Components of ‘dry’ and ‘wet’ shungite carbon. (a) Equilibrium structure of ~1 nm (5, 5) RGO sheets of the C66O1H21 chemical composition, ‘dry’ (top) and ‘wet’ (bottom), respectively. (b) - (d) Arbitrary models of four-, five-, and six-layer stacks of the relevant RGO sheets with 0.35 nm interlayer distance. See atom color code in the caption to Fig.1.

Further aggregation combines the stacks in globules, a planar view of one of possible models related to ‘dry’ shungite is presented in Figure 5a. The globules of a few nm in size present the third stage of the shungite carbon structure [18]. Accordingly, the globe model of ‘wet’ shungite may look as presented in Figure 5b. Irregular distribution of stacks in space causes the formation of interglobular pores, linear dimensions of which are comparable with those of stacks. Actually, one of the linear sizes of the pores formed by RGO nanosheets is determined by linear dimensions of the latter while two others are defined by the thickness of the sheet stacks. Therefore, basic RGO nanosheets and their stacks are responsible for shungite pores of 2-5 nm in size. Following this line, globules may form pores up to 10 nm while extended aggregates of globules obviously form pores of a few tens nm and bigger. This presentation well correlates with the small-angle neutron scattering data that evidence the presence of two sets of pores in shungite carbon in the range of 2-10 nm and above 100 nm [21]. The inner surface of the pores is mainly carpeted with hydrogen atoms due to which water molecules should be located only in the vicinity of remaining oxygen atoms. Taking together, the multitier of structural elements and various porosity make the fractal structure of shungite carbon good self-consistent.

  1. Figure 5:
    Planar view on a model of ‘dry’ (a) and ‘wet’ (b) shungite globules consisting of a set of four-, five- and six-layer stacks of ‘dry’ and ‘wet’ (5, 5) RGO sheets of the C66O1H21 chemical composition voluntarily located and oriented in space. Linear dimensions along the vertical and horizontal are of ~6 nm.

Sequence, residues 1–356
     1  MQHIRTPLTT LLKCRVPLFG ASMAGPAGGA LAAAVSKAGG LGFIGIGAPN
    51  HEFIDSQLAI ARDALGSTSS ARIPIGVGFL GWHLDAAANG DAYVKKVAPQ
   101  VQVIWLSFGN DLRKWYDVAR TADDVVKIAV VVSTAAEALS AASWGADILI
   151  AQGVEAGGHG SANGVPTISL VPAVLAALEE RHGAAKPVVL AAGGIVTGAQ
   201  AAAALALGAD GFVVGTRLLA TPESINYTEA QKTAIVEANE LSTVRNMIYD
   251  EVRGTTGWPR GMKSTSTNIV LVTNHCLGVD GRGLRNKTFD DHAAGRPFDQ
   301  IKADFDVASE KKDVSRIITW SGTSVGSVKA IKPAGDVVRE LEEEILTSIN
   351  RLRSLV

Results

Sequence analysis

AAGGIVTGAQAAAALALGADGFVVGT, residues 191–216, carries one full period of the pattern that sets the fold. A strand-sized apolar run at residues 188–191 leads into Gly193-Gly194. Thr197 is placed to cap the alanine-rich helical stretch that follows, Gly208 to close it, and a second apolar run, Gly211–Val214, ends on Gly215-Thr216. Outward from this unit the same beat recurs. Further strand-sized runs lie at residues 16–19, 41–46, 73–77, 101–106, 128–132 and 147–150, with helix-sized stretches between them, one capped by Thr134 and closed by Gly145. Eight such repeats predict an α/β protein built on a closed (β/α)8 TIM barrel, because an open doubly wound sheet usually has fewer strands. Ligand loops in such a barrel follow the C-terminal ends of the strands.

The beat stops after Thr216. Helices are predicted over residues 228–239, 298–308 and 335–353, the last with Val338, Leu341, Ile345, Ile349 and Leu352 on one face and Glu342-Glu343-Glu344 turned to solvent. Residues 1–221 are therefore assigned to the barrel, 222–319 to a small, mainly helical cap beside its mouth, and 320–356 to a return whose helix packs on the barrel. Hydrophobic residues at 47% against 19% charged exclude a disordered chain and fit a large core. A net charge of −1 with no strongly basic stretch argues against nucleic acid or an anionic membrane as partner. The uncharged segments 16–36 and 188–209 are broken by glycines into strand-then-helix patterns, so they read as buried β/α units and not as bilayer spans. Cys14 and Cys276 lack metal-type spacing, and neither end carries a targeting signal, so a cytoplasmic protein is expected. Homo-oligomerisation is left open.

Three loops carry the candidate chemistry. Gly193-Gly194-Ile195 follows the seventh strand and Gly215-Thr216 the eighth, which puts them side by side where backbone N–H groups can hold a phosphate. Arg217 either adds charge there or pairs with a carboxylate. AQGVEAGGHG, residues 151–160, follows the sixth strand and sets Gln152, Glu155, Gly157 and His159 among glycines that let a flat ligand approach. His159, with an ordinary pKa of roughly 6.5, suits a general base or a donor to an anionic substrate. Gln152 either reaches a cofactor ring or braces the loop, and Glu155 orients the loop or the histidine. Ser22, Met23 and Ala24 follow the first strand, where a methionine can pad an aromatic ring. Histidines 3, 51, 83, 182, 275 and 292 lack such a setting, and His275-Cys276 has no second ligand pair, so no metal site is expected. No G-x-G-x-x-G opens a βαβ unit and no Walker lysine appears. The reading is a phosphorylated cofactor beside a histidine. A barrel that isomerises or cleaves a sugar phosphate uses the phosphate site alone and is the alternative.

Shungite carbon is formed in aqueous surrounding and although water molecules do not act as active chemical reactants at the oxidation stage they play a very important role at the reduction [31], as well as in composing shungite as a solid.

Firstly, the slow rate of reduction evidently favors the accumulation of RGO nanosheets during a long shungite geological story. Should not exclude also a possible chemical modification of the sheets framing due to their long stay in hot water. Secondly, water molecules fill the pores, helping to strengthen the framework of fractal shungite carbon. These processes, when taken together, have led to the creation of unique natural pantry of nanoscale reduced graphene oxide.

Conclusive Remarks

The main object of the discussions presented in the current paper concerns technical graphene that is under extreme request for low-performance applications of graphene. Technical graphene is a joint name of a large number of varied FGM chemicals a leading role among which belongs to RGOs. Among the latter used in practice, synthetic products take the main place, while a natural one, known as shungite carbon, can do the same work. Two main issues related to technical graphene are considered in the paper: 1) the multi-stage character of the reduction of graphene oxides responsible for a large variety of chemical composition and structure of final RGO products and 2) the oxidation and reduction of graphene lamellae, occurred under natural conditions, leading to the formation of shungite carbon.